If you need encouragement that this is *the* way, look no further than the original SaaS: Salesforce.com. At a time (1999) when software was mostly available as a packaged product to be delivered and installed on-premise (with all the effort and inefficiency), Salesforce pushed the idea that software can be securely accessed via the internet (with significant reduction of investment and integration effort).

Instead of selling to everyone, Salesforce initially focused on a niche: sales personnel only (not customer service, marketing, etc.), in midsized companies (with no internal IT), within tech-related industries (pharma, telco, finance). The product was simple, intuitive, and delivered real value to enthusiastic clients who started to generate a lot of word-of-mouth about it. “One thing leads to another”, and nowadays Salesforce (/CRM) covers multiple services and industries, for a € 200B+ value.

2. Scale your technology

When talking about technology scaling, buzzwords like “cloud” and “SaaS” will always come up. Although they seem interchangeable, they are actually not the same:

  • SaaS (as in “Software as a Service”) is usually an application that’s accessible on browser or dedicated app, all delivered via the cloud. The SaaS can be used either directly or integrated into further applications via APIs. Examples: native SaaS companies such as Salesforce, Zoom, Slack, or Dropbox; or regular-turned-SaaS organisations like Adobe and Microsoft.
  • The cloud is usually seen as an innovative delivery method, but it goes way beyond that. According to US NIST definition, “Cloud computing is a model for enabling ubiquitous, convenient, on-demand network access to a shared pool of configurable computing resources (e.g., networks, servers, storage, applications, and services) that can be rapidly provisioned and released with minimal management effort or service provider interaction.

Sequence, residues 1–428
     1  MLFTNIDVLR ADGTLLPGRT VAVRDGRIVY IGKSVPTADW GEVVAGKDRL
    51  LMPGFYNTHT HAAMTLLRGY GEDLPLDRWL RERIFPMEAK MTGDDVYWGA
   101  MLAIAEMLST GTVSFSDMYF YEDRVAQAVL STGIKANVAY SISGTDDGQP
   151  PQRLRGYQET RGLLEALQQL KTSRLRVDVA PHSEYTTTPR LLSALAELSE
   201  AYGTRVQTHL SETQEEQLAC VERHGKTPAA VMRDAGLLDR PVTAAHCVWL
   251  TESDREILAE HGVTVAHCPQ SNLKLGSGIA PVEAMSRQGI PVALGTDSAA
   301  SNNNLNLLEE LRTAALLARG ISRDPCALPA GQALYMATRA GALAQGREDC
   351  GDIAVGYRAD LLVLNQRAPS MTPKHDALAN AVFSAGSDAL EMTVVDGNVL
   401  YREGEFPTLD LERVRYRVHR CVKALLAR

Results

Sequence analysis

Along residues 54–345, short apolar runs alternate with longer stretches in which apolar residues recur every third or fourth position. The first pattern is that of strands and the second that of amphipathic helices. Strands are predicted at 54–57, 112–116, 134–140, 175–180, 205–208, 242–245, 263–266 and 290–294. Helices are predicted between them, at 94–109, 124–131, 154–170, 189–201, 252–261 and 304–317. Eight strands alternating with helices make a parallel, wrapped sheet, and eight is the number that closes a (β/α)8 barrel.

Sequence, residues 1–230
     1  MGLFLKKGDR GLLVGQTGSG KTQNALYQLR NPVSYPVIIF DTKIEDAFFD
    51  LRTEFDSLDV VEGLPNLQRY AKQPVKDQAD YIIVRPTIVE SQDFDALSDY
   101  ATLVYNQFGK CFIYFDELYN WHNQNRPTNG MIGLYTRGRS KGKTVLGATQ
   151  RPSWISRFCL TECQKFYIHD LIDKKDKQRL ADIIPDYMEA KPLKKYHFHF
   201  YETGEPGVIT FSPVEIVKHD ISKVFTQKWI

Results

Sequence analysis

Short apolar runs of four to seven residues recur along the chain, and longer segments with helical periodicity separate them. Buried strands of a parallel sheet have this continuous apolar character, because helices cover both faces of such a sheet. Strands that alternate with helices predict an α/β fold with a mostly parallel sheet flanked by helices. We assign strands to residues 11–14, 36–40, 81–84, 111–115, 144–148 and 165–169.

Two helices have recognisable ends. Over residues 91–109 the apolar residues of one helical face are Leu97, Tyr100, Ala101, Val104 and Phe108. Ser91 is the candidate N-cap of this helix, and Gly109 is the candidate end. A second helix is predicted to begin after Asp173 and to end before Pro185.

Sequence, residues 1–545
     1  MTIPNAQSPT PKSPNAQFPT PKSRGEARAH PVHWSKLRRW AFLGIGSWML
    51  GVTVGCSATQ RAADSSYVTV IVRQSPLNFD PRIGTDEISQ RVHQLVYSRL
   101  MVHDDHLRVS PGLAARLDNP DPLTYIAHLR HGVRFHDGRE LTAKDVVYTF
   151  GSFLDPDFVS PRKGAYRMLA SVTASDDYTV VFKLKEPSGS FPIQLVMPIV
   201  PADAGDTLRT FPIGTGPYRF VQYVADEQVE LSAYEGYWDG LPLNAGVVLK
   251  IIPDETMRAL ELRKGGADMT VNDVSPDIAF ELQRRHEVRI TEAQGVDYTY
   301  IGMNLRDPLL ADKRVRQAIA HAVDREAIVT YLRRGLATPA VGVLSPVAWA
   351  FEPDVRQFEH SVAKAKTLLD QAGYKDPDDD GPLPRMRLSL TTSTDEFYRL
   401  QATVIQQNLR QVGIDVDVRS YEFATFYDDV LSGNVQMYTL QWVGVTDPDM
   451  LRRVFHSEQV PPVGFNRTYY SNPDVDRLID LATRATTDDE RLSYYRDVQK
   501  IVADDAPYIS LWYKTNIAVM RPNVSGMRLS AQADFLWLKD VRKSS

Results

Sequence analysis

[ Should you need more details, the US NIST goes on with further specifics of what makes the cloud, cloud:

  • Five essential characteristics: On-demand self-service, Broad network access, Resource pooling, Rapid elasticity, Measured service
  • Three service models: Software as a Service (SaaS), Platform as a Service (PaaS), Infrastructure as a Service (IaaS)
  • Four Deployment Models: Private cloud, Community cloud, Public cloud, Hybrid cloud. ]

Therefore, one can say that SaaS is cloud software, but cloud software is not all SaaS.

Now, beyond the terminology, what are the actual implications for you? We think that the cloud has something for everyone, (almost) regardless of what the digital product/service is or does.

Here are the specific cloud categories of AWS:

As expected, AWS covers everything(?) from storage, computing, migration and security; all the way into specifics like developer tools, IoT/internet of things, ML/machine learning and management & governance. In their own words, “AWS can seem overwhelming. A cloud-native paradigm of building infrastructure can be a radical departure from the traditional on-premises way of doing things.